Was the appointment of a special prosecutor to investigate Team Trump just a set up that Comey helped initiate to bring down the president?
06/14/2017 / By JD Heyes / Comments
Was the appointment of a special prosecutor to investigate Team Trump just a set up that Comey helped initiate to bring down the president?

There was much learned from fired FBI Director James Comey’s testimony before the Senate Intelligence Committee on Thursday which helps explain a year’s worth of events that, heretofore, seemed unrelated and disconnected.

For one, we discovered that Obama’s attorney general and Comey’s former boss, Loretta Lynch, completely politicized his agency’s investigation into Hillary Clinton’s illegal and improper handling of classified intelligence data via her home-brew email server.

For another, we learned that President Donald J. Trump was never under any investigation for suspected ties to Russia, and that was just about the only factual thing that could have been leaked to the disgusting “mainstream” media, but wasn’t. (Related: Read All the times James Comey cleared President Trump and his administration during his Senate testimony — while admitting to potential crimes.)

For for a third, we learned that Comey himself was a leaker of information that very well may have been a protected conversation he had with the commander-in-chief over sensitive intelligence matters (like Russia) — in violation of U.S. statutes.

And, as Joel Pollack of Breitbart News posits, his testimony could have been the culmination of a plot to not only undermine the current lawful occupant of the Oval Office, but also to bring him down.

Early in Comey’s testimony, Pollack points out, he was complimentary of the special counsel as a “tool” that is “critical” to learning what is real and what isn’t about Russia’s alleged 2016 election interference when he said: “Understanding what efforts there were or are by the Russian government to influence our government is a critical part of the FBI’s mission, so — and you’ve got the right person in Bob Mueller to lead it.”


But remember when Comey dropped the bombshell that he was the one who leaked his memo to The New York Times, routing it through a friend and confidant? He said he hoped the leak would “prompt the appointment of a special counsel” and for reasons that didn’t have a thing at all to do with Russia.

Well, that’s just what happened: After Attorney General Jeff Sessions recused himself months ago from any Russia investigation, Deputy Attorney General Rod Rosenstein made the decision to appoint Mueller, himself a former FBI director, as a special counsel to ostensibly look into this Russia business.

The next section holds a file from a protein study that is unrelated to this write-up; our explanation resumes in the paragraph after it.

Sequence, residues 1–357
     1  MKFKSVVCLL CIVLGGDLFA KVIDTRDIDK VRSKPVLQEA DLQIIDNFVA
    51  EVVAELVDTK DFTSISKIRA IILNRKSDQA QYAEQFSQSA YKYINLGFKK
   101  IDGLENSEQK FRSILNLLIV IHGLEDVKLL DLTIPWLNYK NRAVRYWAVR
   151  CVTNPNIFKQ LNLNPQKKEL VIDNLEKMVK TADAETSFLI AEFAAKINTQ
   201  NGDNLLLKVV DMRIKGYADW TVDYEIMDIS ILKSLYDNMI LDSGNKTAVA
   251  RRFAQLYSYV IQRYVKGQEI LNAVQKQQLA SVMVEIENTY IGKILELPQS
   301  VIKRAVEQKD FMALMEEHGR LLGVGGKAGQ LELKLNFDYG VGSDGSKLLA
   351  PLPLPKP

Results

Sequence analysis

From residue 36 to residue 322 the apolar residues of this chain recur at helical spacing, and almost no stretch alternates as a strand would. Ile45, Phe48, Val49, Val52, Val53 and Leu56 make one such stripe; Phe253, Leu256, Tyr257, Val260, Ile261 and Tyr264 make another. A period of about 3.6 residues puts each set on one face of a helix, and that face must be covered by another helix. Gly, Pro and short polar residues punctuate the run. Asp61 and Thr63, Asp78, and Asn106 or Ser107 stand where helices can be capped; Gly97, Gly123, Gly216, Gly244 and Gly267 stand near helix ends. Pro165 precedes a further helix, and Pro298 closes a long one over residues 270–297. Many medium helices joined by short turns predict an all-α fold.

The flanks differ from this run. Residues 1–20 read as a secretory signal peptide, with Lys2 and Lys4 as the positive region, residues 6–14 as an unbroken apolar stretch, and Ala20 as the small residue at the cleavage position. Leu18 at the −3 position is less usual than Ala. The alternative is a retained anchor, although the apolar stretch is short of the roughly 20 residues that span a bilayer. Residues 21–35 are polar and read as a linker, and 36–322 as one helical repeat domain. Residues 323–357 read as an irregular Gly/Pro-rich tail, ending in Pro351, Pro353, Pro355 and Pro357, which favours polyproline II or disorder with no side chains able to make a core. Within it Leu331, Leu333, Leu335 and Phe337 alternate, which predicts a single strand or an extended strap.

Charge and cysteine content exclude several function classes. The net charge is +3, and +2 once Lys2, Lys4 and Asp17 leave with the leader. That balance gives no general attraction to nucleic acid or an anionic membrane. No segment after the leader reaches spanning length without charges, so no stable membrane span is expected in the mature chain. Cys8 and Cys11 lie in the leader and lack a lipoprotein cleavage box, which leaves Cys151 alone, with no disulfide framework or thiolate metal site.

Only, as Pollack notes, “Comey leaked his memo, he said, so that he could corroborate claims by aides that he told them Trump had asked for his ‘loyalty.’” The Times reported those claims May 11, and the president summarily denied the following day, even accusing Comey of leaking them to the press. Then, just three days later, Comey told the Senate during his testimony, he remembered he had written the memo (on a government computer?) and then proceeded to leak it.

The thing is, Comey knew all along, as did several members of Congress (confirmed by Sen. Marco Rubio, R-Fla.), but never acknowledged that publicly (though he had no trouble publicly divulging the particulars of the Hillary Clinton investigation last July, before announcing she wouldn’t be charged).

And yet, Comey still pushed for a special counsel to be appointed — why? Because “he wanted to take revenge on the president,” Pollack insists.

It makes sense:

He leaked through Columbia Law School professor Daniel Richman, who approached the New York Times. (It was a left-wing trifecta: a former government bureaucrat, an Ivy League academic, and a liberal mainstream media outlet.)

Moreover, the special counsel that was appointed was — coincidentally? — one of Comey’s long-time associates, the FBI director when Comey was Deputy Attorney General.

“For Mueller to be brought in to investigate the behavior of the guy who sacked Comey seems a conflict of interest,” writes Carl M. Cannon of RealClearPolitics. “These two guys, working in tandem, have a track record of bureaucratic infighting — with another Republican White House as their shared adversary — that belies their reputations for being above political intrigue.”

Comey didn’t have to tell the Senate he leaked his memo to ensure the appointment of a special counsel — who just happened to be a close former colleague. He could have just revealed it during testimony.

“Instead, Comey blurted out the truth: He had seen a chance to make the political case for a special counsel through the power of the mainstream media,” wrote Pollack.

In short, “Mueller was not appointed to find the truth about Russia, but to bring down the Trump presidency.”

Read the entire analysis here.

J.D. Heyes is a senior writer for NaturalNews.com and NewsTarget.com, as well as editor of The National Sentinel.

Sources include:





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